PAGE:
Using Java API calls from SOAtest

LegacyForumLegacyForum Posts: 1,669 ✭✭
edited December 2016 in SOAtest
Hi, I am working on a project where we need to do some load testing against a third party Java SDK API.
I know the method calls, which are just search executes and have some of the Java code to call these methods.

However, I am not familar with how to use SOAtest to do some load testing against this third party product.
Here are some questions I have:
- Do I need to load in the librarys from the Java SDK API?
- What type of file do I need to create in the src folder in the project?
- Do I need to write out the contents of the output object in order to know when the response comes back? (I am trying to measure response timings) or will SOAtest be smart enough to know when a response gets sent back?

As you can tell I am not a java developer, but have been using SOAtest for mainly Web Service testing.

Any insight will be greatly appreciated.
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Comments

  • LegacyForumLegacyForum Posts: 1,669 ✭✭
    Hi Mikey,

    There are several approaches that you may be able to take, depending on your preference and the nature of the tests you want to perform. Ultimately, there will need to be code written to "wrap" the 3rd party SDK so that SOAtest / LoadTest can use the SDK. If you are not comfortable writing this code yourself, perhaps you can coordinate with a developer to accomplish your testing needs.

    Load Test needs functional tests to run, so the first thing you'll need to do is create these functional tests. This can be either in the form of a SOAtest .tst file, or a JUnit test. Load Test 9 can build a load test based on either, and will automatically track run times for you (and save statistics). To answer your first question - yes, you will need to import the SDK in the form of .jars or .class files.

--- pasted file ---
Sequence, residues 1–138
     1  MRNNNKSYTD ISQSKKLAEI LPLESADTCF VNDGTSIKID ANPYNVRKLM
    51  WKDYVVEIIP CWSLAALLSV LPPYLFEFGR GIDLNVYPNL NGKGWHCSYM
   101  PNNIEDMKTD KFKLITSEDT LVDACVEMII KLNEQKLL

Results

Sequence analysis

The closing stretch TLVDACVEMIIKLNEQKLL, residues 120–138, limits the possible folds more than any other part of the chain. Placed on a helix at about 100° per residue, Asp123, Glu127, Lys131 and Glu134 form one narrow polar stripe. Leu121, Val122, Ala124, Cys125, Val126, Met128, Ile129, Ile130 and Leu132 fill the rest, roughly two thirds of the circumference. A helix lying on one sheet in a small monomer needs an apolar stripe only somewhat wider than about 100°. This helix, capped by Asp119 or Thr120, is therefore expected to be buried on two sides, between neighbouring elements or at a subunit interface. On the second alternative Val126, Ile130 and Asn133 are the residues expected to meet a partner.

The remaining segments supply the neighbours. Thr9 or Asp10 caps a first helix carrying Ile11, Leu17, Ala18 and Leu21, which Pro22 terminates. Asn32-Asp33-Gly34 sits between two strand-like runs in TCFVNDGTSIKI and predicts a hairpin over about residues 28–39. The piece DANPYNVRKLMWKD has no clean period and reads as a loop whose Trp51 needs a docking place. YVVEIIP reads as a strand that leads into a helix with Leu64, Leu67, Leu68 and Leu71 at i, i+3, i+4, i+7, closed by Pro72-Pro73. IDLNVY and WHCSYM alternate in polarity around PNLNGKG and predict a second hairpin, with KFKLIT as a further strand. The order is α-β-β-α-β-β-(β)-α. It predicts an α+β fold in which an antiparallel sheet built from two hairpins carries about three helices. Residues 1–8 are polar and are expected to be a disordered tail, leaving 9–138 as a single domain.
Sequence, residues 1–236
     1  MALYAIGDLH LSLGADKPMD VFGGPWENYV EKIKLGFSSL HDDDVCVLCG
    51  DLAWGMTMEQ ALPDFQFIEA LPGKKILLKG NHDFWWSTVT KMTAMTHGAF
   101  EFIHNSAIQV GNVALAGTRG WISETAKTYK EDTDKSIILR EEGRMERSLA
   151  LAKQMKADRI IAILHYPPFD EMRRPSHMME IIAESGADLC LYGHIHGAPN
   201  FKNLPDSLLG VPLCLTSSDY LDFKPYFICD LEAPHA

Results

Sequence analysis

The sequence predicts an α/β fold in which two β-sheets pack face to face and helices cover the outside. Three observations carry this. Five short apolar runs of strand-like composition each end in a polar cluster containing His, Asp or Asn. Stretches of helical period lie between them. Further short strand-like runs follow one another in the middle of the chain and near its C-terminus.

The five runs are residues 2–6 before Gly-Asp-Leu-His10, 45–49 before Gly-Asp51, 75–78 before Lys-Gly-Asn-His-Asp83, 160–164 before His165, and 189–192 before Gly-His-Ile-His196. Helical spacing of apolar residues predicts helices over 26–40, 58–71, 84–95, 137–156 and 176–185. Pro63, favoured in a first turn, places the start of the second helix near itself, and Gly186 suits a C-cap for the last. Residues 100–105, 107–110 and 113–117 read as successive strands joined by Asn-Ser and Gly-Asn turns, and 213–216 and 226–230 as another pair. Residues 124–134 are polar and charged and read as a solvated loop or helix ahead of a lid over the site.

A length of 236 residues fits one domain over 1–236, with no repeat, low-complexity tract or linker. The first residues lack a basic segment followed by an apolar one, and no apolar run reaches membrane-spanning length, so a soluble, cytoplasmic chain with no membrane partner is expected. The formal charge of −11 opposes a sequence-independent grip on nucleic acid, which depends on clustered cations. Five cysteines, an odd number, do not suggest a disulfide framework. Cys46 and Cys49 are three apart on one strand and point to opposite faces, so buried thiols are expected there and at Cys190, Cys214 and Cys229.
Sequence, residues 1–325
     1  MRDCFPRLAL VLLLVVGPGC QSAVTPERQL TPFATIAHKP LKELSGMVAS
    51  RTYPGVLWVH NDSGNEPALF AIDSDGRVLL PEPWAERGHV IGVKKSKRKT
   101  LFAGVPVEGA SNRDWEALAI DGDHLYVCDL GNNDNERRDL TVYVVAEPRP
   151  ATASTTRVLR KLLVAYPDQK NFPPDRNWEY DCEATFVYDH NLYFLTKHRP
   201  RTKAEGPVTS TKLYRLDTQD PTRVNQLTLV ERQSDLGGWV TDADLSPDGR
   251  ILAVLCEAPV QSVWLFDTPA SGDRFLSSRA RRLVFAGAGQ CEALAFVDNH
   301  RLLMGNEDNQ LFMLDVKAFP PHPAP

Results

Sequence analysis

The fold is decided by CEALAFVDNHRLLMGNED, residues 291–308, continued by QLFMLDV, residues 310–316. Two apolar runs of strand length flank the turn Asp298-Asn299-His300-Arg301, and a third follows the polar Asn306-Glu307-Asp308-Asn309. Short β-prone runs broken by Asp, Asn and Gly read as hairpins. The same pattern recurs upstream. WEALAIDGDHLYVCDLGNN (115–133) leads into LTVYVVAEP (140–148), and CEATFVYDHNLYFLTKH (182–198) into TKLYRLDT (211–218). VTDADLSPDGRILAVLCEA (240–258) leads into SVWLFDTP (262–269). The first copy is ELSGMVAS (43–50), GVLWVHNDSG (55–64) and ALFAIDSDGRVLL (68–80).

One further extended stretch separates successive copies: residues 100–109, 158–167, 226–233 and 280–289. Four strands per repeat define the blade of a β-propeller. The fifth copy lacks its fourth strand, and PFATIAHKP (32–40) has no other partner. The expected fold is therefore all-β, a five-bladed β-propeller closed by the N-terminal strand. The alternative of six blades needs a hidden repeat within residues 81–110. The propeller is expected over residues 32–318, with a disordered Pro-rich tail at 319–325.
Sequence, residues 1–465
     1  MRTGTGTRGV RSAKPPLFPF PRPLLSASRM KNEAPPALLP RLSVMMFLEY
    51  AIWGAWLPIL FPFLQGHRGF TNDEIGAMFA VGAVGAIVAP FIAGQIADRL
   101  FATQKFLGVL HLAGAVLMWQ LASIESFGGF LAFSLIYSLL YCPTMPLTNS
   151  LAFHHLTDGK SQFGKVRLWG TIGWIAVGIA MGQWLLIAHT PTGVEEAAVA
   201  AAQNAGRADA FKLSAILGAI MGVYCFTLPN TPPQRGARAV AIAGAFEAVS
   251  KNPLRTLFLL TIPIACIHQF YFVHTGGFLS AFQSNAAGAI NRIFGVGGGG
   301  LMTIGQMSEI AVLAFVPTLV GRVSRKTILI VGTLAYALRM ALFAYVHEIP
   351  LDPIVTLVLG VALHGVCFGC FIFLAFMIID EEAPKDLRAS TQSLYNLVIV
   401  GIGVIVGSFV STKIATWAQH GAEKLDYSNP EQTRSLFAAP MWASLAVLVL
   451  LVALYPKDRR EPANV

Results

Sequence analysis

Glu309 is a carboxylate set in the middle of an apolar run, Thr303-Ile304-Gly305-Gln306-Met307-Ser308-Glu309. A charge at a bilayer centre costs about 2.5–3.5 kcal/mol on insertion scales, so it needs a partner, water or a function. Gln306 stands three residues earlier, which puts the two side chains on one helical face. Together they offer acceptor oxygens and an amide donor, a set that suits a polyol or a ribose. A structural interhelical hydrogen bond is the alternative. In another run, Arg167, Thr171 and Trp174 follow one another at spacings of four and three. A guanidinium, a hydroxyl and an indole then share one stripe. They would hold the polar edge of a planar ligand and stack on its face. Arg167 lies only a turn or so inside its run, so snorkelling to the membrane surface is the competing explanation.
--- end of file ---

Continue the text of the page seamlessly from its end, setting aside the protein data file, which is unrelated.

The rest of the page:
Option 1 - JUnits
    If using a JUnit, you can create a Java Project containing the JUnits and add the SDK to the classpath for the project. Then, when creating a Load Test from it, add the SDK .jars to Load Test under File > Customize Preferences > System Properties. For more information about using JUnits with Load Test, see the documentation under Help > Documentation > Load Test Procedure > Creating Load Tests Driven by JUnit Tests. This is a good option if JUnits are already written - but is limited in the availability of staistics available to LoadTest.

    Option 2 - Extension Tools
    You can also use SOAtest to create a .tst file that contains Extension Tools. An Extension Tool can use a Jython, Javascript, or Java method to call SDK functions, then return pass/fail (or results, which can be passed to other validation tools, like an XML Assertor or Diff Tool). To run the test successfully, the SDK libraries need to be added to the SOAtest System Properties under Parasoft > Preferences > SOAtest > System Properties. For more information about using Extension Tools, take a look at our documentation under SOAtest User's Guide > Reference > Extensibility (Scripting) Basics.

    Option 3 - Custom Transport
    Finally, if the SDK implements some kind of messaging protocol (such as a custom transport), you can use the Custom Transport functionality in SOAtest. This allows you to use the Messaging Client or SOAP Client to build the request message. To implement this, you will need to create classes to implement ICustomTransport, ICustomConnection, etc. Then, import your code into System Properties in SOAtest (and again in LoadTest) and switch a SOAP or Messaging Client to Custom Transport. You can find documentation on these interfaces in the SOAtest Extensibility API docs.
    Custom Transports are best when the Messaging / SOAP Client functionality is useful and the SDK implements a transport. It makes for a nearly seamless transport integration with SOAtest, making tests and code more reusable. But it can also be the most difficult to develop. If the Messages are not XML / SOAP, or if the SDK is not for messaging, then you may want to use straight Extension Tools instead (option 2).
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